The UK government introduced an illegal migration bill Tuesday that would allow for the detention and swift removal of anyone who enters the UK illegally.
Home Secretary Suella Braverman gave a statement to parliament regarding the controversial legislation regarding small boats crossing the English Channel and said deterrence is the key theme running through the new measures. Developed countries like the UK will face "unprecedented pressures" in upcoming periods from illegal immigration, she said.
"Let's be honest, there are 100 million people around the world who could qualify for protection under our current laws. Let's be clear. They are coming here. We've seen a 500% increase in small boats crossings in two years ... and this is the crucial point of this bill. They will not stop coming here until the world knows that if you enter Britain illegally you will be detained and swiftly removed," she said.
Annual cap on number of refugees to be set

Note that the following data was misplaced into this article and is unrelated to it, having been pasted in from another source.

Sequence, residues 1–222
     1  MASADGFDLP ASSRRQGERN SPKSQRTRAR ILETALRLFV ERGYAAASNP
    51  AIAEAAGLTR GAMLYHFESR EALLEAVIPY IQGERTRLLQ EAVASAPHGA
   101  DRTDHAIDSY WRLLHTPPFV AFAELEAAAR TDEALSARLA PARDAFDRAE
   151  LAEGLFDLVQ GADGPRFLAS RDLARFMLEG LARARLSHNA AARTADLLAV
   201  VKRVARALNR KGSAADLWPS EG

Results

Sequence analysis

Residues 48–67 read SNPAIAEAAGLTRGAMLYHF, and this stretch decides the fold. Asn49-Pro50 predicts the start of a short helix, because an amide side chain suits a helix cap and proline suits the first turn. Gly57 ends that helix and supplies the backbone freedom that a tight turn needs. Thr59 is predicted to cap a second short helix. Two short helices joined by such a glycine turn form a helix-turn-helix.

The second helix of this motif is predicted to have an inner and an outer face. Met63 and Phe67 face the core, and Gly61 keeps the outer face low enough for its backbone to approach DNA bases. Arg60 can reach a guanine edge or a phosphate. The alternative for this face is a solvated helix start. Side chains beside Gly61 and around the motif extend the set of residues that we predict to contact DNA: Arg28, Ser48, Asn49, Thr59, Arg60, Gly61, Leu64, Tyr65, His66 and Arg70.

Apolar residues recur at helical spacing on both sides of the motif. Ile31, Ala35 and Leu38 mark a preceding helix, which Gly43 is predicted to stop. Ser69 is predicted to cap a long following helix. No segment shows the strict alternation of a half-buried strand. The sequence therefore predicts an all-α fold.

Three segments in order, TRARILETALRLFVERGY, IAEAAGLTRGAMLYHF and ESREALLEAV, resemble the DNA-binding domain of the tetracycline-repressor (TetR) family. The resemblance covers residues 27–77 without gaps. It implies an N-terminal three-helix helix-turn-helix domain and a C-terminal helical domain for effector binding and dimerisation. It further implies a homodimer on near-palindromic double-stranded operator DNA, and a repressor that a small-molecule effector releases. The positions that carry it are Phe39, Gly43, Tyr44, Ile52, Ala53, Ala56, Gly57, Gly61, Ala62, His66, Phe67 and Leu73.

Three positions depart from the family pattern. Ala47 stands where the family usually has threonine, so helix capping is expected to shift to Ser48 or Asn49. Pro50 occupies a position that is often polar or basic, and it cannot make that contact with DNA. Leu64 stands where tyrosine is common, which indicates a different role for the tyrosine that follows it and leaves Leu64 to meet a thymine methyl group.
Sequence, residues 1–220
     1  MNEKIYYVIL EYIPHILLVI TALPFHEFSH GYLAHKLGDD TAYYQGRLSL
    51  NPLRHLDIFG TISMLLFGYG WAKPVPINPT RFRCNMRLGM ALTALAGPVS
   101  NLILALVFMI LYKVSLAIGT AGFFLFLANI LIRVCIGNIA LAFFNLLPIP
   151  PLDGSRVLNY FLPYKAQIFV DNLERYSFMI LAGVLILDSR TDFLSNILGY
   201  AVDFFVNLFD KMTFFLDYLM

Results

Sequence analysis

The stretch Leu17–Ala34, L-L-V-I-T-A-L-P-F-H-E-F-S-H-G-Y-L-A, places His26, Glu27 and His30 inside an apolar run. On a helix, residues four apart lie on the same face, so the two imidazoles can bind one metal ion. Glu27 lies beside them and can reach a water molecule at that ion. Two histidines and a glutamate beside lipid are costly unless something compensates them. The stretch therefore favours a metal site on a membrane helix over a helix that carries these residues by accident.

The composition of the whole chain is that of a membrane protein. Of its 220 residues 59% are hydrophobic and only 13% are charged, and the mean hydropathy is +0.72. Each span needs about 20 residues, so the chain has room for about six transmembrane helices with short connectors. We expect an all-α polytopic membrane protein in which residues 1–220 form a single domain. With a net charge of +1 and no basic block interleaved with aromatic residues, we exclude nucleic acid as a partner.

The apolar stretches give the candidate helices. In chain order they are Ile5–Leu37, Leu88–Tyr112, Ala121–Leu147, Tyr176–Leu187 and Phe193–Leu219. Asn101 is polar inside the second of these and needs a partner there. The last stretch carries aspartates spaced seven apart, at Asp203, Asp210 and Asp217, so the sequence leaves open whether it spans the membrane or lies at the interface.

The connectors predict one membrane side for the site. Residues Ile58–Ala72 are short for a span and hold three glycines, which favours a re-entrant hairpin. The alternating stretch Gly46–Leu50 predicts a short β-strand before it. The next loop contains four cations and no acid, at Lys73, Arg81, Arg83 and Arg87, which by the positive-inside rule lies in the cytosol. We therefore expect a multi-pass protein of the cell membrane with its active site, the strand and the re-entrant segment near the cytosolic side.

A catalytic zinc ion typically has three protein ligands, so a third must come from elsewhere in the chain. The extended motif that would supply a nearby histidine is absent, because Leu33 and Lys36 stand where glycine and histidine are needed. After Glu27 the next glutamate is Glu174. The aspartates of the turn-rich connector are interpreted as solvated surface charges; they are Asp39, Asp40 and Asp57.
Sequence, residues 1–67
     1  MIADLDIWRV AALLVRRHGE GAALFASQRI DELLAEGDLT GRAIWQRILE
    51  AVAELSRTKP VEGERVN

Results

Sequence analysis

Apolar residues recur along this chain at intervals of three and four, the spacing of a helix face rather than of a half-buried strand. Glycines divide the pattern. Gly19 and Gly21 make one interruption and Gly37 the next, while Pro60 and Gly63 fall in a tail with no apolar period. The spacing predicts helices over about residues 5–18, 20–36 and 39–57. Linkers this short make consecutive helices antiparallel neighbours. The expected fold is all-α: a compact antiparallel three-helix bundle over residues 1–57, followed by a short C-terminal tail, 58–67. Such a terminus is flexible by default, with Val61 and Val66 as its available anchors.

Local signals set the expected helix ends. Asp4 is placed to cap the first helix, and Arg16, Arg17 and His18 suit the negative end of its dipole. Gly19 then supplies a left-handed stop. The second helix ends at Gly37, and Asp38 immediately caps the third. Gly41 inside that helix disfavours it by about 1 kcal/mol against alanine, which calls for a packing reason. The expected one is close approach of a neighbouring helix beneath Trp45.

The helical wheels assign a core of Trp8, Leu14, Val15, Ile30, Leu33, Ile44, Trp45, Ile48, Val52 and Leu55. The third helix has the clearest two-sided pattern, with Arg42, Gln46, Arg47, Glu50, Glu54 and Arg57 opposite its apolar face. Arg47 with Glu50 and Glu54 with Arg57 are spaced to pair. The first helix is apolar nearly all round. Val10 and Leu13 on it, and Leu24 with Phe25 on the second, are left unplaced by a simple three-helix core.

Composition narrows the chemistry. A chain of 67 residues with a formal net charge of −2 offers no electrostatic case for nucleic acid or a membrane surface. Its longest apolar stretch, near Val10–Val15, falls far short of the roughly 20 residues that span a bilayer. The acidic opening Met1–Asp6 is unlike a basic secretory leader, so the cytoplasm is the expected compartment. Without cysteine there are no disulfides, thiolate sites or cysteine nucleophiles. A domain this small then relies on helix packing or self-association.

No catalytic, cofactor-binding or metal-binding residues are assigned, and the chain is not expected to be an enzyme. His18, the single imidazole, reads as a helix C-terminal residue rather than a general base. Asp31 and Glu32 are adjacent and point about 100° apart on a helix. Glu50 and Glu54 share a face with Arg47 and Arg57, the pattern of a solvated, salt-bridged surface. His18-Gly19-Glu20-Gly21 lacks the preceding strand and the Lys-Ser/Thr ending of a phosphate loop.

Defending the bill as compassionate, she said the proposed illegal migration bill will include measures to introduce an annual cap on the number of refugees that the UK will settle through safe and legal routes. The cap will be determined by parliament. She acknowledged she cannot definitively say if the proposed legislation is compatible with the Human Rights Act. The bill would allow the detention of people for up to 28 days without bail or judicial review and it will be the duty of the Home Secretary to remove illegal entrants. "Unaccompanied children - minors who come to the UK illegally will not be removed to a safe third country until they turn 18," according to a government statement. Braverman also said people will be prevented from using modern slavery laws to oppose the government. "We want to send the message loudly and clearly to those people smugglers, to those people thinking about crossing the channel: Do not do it," she said. "Do not hand over your life savings, do not get into that flimsy dinghy, do not risk your life, because you will not be entitled to a life in the UK."